You know growing up I used to think Jack Black was the shit. Lead singer of Tenacious D, star of School of Rock, and all round funny guy, there was nothing stopping this man from completely ruling my world. The problem is, as I grew older that love gradually turned into irritation. Especially when you realise that it is seemingly in Black’s contract that he has to sing or make stupid sounds in order to complete his cinematic roles. So when movies such as Gulliver’s Travels, and even the upcoming Jumanji sequel, pops up, you are so exhausted by his presence that the movie becomes absolute tripe.
Then he turned to independent comedies such as Bad Bromance and Bernie was released and we are ever thankful that he did. Because he is genuinely a brilliant dark comedy actor.
Directed by Richard Linklater, Bernie is based on the true story of mortician Bernhardt “Bernie” Triede. A kind soul, Bernie was much beloved in his small town of Carthage for his sensitive and caring ways. At the funeral of her husband, Bernie meets Marjorie Nugent: a cantankerous old woman who is wildly disliked in the community. After she lavishes him with money and gifts, the pair enjoy a close friendship, but her true nature starts to grate on him. More importantly, she starts to become controlling and abusive towards Bernie. One day, he snaps and kills her, using her money to invest in charities and projects across town. But will Bernie’s deadly secret be found out?
First of all, Linklater (who has worked with Black before on School of Rock, arguably his best work,) has envisaged a world and a telling of this story that is quaint at first but soon unfolds to be this great tantalising black comedy pulled along by the impressive performances. Linklater really hams up that small town feel, in this almost mockumentary film. With some films, that irritating Deep South community feel just slathers on this sickly wholesome layer; yet with Bernie, Linklater uses the chorus of the elderly to punctuate what could easily be a stupidly simplistic story; making Bernie’s killing feel more like a collective agreement rather than an actual murder.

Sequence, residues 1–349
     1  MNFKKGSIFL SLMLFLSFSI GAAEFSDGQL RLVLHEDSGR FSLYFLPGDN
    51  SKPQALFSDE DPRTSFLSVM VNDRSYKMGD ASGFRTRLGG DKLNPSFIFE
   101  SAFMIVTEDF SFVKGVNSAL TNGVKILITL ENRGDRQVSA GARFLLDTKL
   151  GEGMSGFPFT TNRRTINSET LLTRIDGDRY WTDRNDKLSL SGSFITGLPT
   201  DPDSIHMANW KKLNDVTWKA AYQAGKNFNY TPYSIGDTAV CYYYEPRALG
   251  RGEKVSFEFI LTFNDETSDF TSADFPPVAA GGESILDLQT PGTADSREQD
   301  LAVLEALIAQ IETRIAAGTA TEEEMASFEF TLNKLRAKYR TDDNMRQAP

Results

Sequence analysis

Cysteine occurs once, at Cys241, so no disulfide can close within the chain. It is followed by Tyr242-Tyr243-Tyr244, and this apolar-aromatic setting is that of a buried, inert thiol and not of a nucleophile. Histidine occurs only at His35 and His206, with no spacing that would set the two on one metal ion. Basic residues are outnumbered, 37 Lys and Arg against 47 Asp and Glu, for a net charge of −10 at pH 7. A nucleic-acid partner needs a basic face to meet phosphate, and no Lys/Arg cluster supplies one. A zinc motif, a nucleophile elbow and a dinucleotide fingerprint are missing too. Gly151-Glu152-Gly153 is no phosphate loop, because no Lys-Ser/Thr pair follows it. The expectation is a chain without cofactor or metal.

It helps that Black is somewhat ingenious in bringing this true life character to the big screen. He manages to encompass everything about Bernie; the polite mannerisms, the earnest need to help and that sense of community care all while holding back on making Bernie a caricature. In honestly, it is one of Black’s best works because he is so different; becoming this man who is pushed to the edge by rude and unkindness. Linklater certainly helped evolve Black’s acting this way. And playing opposite the new and improved Matthew McConoughey and the old favourite Shirley McClaine, the end product of Bernie is an irresistible treat.
While the slow pace may not appeal to all and those so done with Black’s antics wouldn’t even glance its way. The comedy isn’t laugh out loud, but it sits on a white picket fence of sickening droll. Bernie is an unearthed gem that is enjoyable as it is intriguing. Like the supporting characters within the film, many might poke fun at the rather lonesome Bernie and his suspicious friendship with Majorie, there is no denying Black’s capabilities to breathe life and likeability into him.
Bernie is available on Netflix!